FIG. 1 is a block diagram illustrating a memory system constructed in accordance with the present invention.

FIG. 2 is a block diagram illustrating a command state machine for providing an interface in accordance with the present invention between a user and apparatus for programming flash EEPROM.

FIG. 3 is a list of the states which may be entered by the command state machine and the output signals produced by those states.

FIG. 4 is a state diagram illustrating the operation of a portion of the command state machine illustrated in FIG. 2.

FIG. 5 is another state diagram illustrating the operation of a second portion of the command state machine illustrated in FIG. 2.

FIG. 6 is a third state diagram illustrating the operation of a third portion of the command state machine illustrated in FIG. 2.

NOTATION AND NOMENCLATURE

Some portions of the detailed descriptions which follow are presented in terms of algorithms and symbolic representations of operations on data bits within a computer memory. These algorithmic descriptions and representations are the means used by those skilled in the data processing arts to most effectively convey the substance of their work to others skilled in the art. An algorithm is here, and generally, conceived to be a self-consistent sequence of steps leading to a desired result. The steps are those requiring physical manipulations of physical quantities. Usually, though not necessarily, these quantities take the form of electrical or magnetic signals capable of being stored, transferred, combined, compared, and otherwise manipulated. It has proven convenient at times, principally for reasons of common usage, to refer to these signals as bits, values, elements, symbols, characters, terms, numbers, or the like. It should be borne in mind, however, that all of these and similar terms are to be associated with the appropriate physical quantities and are merely convenient labels applied to these quantities.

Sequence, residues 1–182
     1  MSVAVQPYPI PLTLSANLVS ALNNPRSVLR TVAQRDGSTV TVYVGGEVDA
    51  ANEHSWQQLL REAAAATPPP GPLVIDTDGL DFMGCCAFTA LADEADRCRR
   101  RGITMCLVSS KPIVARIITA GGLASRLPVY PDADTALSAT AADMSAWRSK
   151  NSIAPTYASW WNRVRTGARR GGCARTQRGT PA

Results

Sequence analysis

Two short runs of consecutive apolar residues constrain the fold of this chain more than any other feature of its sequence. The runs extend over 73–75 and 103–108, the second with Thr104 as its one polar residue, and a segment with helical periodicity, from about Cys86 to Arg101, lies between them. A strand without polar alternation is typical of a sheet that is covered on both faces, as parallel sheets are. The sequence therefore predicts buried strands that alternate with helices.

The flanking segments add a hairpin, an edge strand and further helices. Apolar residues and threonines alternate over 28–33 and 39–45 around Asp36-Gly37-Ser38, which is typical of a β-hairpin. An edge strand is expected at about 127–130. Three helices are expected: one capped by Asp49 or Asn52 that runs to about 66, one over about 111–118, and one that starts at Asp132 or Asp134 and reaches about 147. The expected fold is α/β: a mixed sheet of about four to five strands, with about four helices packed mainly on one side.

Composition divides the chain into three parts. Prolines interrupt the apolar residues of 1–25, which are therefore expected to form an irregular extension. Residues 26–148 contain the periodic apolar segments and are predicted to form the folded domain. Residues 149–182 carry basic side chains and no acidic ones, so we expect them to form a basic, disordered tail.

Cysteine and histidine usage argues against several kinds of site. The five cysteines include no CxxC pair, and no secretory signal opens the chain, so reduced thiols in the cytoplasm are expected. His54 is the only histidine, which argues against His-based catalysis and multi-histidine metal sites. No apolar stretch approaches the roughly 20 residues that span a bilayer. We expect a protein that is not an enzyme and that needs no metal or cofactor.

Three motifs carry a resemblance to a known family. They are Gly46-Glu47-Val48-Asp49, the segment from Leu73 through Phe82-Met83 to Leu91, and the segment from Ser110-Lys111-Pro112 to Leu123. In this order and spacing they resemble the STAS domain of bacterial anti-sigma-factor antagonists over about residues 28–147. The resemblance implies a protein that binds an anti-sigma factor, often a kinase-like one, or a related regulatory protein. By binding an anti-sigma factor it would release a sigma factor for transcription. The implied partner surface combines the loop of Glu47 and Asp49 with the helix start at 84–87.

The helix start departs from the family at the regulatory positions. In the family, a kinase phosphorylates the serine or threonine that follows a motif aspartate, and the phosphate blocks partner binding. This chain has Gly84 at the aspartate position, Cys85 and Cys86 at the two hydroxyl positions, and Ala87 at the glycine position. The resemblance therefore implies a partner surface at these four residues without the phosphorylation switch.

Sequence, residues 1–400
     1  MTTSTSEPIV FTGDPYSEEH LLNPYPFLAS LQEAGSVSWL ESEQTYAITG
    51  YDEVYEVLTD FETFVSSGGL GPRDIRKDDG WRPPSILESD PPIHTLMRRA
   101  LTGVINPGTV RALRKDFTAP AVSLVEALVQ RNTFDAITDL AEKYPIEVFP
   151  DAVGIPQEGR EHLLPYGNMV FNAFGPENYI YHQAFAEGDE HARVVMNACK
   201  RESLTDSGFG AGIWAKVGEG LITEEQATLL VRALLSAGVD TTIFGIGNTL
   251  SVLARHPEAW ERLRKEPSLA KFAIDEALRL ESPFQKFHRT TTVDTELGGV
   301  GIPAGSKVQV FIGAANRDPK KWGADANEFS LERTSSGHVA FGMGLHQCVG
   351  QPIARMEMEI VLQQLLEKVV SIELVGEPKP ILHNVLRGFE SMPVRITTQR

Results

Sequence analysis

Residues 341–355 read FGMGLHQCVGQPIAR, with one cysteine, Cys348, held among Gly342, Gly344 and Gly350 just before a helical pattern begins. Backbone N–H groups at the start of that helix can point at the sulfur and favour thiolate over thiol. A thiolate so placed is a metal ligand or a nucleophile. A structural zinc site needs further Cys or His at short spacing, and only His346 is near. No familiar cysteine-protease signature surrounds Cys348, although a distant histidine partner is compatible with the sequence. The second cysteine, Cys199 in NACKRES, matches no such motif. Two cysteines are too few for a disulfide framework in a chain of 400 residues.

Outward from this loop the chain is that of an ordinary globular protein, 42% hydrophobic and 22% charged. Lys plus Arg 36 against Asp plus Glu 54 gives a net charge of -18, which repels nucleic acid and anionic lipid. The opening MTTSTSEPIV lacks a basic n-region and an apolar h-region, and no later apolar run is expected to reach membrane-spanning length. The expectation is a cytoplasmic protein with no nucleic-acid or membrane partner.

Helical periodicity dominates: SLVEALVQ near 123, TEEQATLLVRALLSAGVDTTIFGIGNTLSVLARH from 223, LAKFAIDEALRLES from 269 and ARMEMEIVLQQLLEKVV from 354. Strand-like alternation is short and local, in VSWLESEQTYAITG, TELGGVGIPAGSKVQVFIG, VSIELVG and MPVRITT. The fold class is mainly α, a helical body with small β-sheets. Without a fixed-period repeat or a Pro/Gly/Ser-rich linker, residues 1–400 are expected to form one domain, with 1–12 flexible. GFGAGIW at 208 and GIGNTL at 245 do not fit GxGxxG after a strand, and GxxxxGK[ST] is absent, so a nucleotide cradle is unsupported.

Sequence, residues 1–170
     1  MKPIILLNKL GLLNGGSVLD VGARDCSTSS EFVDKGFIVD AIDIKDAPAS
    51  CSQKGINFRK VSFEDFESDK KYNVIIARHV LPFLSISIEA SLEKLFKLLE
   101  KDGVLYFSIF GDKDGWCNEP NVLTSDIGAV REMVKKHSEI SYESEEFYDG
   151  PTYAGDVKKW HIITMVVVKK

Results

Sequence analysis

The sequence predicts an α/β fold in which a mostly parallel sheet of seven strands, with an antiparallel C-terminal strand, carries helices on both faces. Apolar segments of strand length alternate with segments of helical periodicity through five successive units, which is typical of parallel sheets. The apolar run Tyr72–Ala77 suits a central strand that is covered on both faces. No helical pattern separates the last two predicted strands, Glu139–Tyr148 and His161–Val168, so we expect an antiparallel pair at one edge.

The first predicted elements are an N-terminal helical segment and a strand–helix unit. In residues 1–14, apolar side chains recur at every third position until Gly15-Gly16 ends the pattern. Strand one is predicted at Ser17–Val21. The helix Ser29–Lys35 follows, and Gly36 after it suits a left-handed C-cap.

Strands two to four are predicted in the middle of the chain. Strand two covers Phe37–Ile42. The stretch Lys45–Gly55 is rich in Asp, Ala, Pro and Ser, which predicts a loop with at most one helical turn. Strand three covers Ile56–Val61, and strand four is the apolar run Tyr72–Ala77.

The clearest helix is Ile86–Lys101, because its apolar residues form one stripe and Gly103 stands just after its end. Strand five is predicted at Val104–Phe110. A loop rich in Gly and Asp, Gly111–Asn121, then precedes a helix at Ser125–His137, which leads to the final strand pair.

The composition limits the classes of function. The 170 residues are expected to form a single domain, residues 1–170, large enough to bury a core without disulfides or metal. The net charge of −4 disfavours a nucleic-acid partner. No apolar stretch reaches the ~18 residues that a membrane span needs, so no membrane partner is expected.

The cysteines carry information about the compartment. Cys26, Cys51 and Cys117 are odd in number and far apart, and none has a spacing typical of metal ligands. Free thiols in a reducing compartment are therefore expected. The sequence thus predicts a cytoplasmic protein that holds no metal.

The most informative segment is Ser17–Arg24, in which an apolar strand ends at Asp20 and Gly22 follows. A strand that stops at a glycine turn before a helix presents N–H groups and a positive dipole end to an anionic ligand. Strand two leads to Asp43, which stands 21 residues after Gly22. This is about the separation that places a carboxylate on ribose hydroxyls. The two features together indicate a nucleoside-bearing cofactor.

Further, the manipulations performed are often referred to in terms, such as adding or comparing, which are commonly associated with mental operations performed by a human operator. No such capability of a human operator is necessary or desirable in most cases in any of the operations described herein which form part of the present invention; the operations are machine operations. Useful machines for performing the operations of the present invention include general purpose digital computers or other similar devices. In all cases the distinction between the method operations in operating a computer and the method of computation itself should be borne in mind. The present invention relates to apparatus and to method steps for operating a computer in processing electrical or other (e.g. mechanical, chemical) physical signals to generate other desired physical signals.

With respect to particular designations used in the specification, it should be understood that when referring to signals WDREADY and !WDREADY refer to different values of the same signal. Moreover, the indication !<COMMAND> means any other command except <COMMAND>.

DETAILED DESCRIPTION OF THE INVENTION

Referring now to FIG. 1, a block diagram of a control system 10 for a memory system utilizing the present invention is illustrated. Although the preferred embodiment of the invention is utilized for controlling the programming and reprogramming of flash EEPROM, its use might certainly be extended to other forms of programmable long term memory in which the elimination of command errors is highly desirable.

The phrase "command" is used throughout this description as commonly understood in the Flash art. That is to say, "command" means the application of digital signals to the data pins or data terminals of the memory device while control terminals are held at appropriate levels. Thus, it will be understood that the phrase "READ ARRAY command," or a similar phrase, refers to a unique combination of digital signals applied to the memory device's data terminals that represent permissible operations by the memory device. Invalid commands refer to combinations of digital signals applied to the data terminals that do not represent one the permissible operations. Given that the memory systems 10 includes eight data terminals, the number of invalid commands exceeds the number of valid commands. Of the 256 commands possible using eight data terminals a small subset of these (only 14 valid commands are described in the description that follows) are valid. Thus, there are a great number of possible invalid commands that the command state machine of the present invention recognizes and prevents from adversely effecting the memory system 10.